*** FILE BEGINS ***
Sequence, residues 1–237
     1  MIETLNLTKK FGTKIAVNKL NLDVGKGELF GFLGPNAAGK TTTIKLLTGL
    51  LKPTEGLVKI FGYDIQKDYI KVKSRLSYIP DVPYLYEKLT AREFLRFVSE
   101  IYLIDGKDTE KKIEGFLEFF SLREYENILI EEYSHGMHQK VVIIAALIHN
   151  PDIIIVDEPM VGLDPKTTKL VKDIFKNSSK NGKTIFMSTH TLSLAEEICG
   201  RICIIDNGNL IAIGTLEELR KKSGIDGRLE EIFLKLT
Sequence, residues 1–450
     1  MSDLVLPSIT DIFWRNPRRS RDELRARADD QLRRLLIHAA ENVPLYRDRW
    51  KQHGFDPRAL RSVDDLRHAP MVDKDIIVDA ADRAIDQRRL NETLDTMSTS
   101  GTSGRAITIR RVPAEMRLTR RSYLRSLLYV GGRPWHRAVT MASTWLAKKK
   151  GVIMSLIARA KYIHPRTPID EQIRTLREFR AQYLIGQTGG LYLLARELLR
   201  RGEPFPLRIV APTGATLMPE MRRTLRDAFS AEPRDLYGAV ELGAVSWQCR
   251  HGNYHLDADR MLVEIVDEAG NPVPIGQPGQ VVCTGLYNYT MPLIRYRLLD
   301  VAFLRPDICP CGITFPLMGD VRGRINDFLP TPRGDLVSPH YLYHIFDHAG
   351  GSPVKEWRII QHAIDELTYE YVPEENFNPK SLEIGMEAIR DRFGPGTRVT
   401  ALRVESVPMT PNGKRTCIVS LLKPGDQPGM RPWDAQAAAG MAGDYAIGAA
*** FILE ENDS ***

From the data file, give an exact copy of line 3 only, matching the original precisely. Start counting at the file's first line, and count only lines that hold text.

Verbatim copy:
    51  LKPTEGLVKI FGYDIQKDYI KVKSRLSYIP DVPYLYEKLT AREFLRFVSE